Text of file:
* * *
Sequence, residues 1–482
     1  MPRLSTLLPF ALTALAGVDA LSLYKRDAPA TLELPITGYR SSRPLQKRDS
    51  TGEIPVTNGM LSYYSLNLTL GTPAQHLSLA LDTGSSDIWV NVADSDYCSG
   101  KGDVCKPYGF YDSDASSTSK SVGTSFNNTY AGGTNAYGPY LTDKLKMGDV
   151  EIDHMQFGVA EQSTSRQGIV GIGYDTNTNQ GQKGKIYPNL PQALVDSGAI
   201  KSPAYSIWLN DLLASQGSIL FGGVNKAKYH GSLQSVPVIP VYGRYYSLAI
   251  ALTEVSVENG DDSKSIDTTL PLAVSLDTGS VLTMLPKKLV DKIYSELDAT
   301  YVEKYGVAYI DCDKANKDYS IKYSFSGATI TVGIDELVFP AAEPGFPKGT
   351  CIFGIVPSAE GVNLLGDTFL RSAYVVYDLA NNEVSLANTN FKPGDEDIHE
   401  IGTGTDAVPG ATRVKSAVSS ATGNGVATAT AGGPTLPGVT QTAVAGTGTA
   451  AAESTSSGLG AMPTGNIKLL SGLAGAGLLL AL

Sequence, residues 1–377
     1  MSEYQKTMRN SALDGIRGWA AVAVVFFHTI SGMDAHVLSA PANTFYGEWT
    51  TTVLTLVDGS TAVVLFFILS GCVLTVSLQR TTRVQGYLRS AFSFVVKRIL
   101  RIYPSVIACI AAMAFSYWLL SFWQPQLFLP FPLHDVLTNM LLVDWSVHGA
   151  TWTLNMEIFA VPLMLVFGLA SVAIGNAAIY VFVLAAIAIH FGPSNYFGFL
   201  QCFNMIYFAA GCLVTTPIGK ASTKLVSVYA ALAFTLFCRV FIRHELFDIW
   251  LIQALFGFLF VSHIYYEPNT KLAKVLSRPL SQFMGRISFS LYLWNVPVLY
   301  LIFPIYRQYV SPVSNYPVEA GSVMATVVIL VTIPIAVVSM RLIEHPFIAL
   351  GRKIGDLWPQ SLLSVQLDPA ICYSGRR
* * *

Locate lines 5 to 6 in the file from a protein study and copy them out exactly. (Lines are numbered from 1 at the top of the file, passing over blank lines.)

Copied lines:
   151  EIDHMQFGVA EQSTSRQGIV GIGYDTNTNQ GQKGKIYPNL PQALVDSGAI
   201  KSPAYSIWLN DLLASQGSIL FGGVNKAKYH GSLQSVPVIP VYGRYYSLAI